- a mild fever
- chest pain
- wheezing or shortness of breath
- a general feeling of malaise
- a loss of appetite
- a rapid pulse
- fatigue or feeling tired all the time
- unexpected or unintentional weight loss
- swollen lymph nodes
- feeling like you cannot get enough air
- pain or discomfort when breathing
- a chronic cough, or a cough that lasts 8 weeks or more
Some of the same causes of coughing up blood can also cause a wet or productive cough, which may or may not contain blood. For example, pneumonia may also lead to coughing up mucus or phlegm that can appear yellow, green, or brown.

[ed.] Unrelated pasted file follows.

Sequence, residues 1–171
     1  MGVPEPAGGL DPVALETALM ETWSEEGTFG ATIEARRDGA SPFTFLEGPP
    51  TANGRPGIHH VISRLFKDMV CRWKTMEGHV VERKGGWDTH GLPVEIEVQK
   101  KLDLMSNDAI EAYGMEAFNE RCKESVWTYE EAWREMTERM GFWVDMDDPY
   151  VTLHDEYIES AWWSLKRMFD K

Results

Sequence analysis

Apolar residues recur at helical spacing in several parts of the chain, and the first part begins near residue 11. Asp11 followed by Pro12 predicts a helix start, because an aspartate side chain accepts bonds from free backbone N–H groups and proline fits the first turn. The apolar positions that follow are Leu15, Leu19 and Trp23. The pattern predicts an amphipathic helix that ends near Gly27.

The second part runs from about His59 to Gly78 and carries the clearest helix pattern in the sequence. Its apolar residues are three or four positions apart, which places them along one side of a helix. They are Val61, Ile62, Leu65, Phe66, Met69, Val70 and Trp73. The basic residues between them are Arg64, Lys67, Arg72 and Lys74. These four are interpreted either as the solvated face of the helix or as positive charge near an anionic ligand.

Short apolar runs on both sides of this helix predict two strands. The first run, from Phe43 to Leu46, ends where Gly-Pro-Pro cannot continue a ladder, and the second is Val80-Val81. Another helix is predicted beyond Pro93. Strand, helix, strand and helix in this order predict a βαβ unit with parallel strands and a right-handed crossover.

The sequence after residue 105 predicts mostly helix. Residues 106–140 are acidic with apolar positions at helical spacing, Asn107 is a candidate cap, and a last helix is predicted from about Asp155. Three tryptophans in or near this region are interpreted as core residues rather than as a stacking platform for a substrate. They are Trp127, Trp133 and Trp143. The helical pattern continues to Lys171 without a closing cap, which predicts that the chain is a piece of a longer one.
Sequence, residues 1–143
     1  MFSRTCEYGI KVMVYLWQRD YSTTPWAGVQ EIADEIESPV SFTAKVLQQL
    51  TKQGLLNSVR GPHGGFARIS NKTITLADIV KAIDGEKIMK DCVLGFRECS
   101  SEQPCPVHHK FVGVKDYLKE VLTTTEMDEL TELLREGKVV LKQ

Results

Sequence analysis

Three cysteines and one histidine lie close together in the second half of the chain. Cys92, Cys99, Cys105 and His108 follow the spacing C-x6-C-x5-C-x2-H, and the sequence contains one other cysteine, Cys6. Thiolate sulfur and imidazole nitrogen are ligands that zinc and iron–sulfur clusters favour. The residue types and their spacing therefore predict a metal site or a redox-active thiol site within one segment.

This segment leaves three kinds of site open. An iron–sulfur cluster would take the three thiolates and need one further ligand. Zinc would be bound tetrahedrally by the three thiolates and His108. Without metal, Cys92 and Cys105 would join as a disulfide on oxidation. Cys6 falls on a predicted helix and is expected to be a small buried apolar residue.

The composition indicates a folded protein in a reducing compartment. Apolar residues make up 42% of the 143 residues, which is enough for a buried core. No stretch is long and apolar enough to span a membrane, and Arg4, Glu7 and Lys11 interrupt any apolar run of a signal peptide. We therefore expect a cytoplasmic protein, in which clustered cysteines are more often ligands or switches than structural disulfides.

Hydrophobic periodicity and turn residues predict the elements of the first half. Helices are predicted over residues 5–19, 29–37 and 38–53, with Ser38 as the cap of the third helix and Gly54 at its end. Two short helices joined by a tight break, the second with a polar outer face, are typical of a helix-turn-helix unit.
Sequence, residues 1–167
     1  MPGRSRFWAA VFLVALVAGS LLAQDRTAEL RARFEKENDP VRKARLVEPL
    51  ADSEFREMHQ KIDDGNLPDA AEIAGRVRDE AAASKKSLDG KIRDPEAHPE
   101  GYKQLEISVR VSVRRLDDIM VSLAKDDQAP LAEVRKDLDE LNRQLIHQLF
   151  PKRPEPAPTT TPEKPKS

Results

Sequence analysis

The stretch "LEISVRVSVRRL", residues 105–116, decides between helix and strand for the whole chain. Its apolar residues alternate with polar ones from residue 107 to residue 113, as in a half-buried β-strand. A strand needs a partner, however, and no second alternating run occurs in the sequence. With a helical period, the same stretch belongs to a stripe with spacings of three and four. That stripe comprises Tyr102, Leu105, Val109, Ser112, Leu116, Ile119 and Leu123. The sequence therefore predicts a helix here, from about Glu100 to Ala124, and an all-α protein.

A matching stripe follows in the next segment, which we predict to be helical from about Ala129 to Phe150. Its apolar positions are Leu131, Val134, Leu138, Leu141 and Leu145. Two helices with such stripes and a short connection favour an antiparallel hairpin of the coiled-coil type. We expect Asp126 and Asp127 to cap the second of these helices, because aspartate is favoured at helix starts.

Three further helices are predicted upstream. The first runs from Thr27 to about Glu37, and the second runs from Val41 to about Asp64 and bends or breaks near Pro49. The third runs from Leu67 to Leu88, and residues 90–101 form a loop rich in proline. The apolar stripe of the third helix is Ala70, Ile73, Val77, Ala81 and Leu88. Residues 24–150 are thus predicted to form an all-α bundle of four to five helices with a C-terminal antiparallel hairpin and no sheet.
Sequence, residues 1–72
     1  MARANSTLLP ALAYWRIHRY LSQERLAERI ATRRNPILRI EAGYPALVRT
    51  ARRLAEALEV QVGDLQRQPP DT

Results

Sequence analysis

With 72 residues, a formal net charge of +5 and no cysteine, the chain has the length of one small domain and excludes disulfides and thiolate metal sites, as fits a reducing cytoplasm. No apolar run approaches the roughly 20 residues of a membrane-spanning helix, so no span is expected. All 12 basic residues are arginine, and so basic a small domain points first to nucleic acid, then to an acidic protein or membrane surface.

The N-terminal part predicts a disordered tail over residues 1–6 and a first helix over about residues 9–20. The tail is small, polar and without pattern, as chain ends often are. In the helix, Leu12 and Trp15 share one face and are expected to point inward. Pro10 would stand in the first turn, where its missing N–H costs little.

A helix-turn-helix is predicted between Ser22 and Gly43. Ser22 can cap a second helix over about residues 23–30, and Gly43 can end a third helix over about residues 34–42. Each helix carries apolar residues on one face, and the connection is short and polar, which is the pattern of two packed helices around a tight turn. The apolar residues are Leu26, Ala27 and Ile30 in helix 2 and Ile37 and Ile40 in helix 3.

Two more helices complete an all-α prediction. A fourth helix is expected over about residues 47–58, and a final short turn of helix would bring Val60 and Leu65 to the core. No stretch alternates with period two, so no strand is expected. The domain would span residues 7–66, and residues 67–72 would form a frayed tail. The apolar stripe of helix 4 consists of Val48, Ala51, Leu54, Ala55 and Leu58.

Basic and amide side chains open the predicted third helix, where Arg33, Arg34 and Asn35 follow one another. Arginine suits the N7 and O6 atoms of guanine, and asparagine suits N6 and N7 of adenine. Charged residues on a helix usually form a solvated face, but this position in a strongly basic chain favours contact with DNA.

Contact your doctor if you are concerned about a cough.
Coughing up a little blood is not always serious. Sometimes, the bleeding that causes a bloody cough will stop on its own. However, even in this case, you should still contact a doctor for advice as soon as possible after first coughing up blood.
In other cases, the bleeding can be severe, with up to 1 in 20 people who experience coughing up blood for the first time producing severe amounts of blood.
As hemoptysis can constitute a potentially life threatening medical emergency, it is important to seek immediate medical help for any severe symptoms.
Serious symptoms that may accompany coughing up blood
Serious symptoms that require evaluation in an emergency setting can include:
- large amounts of blood produced by the cough, such as coughing up more than a few teaspoons of blood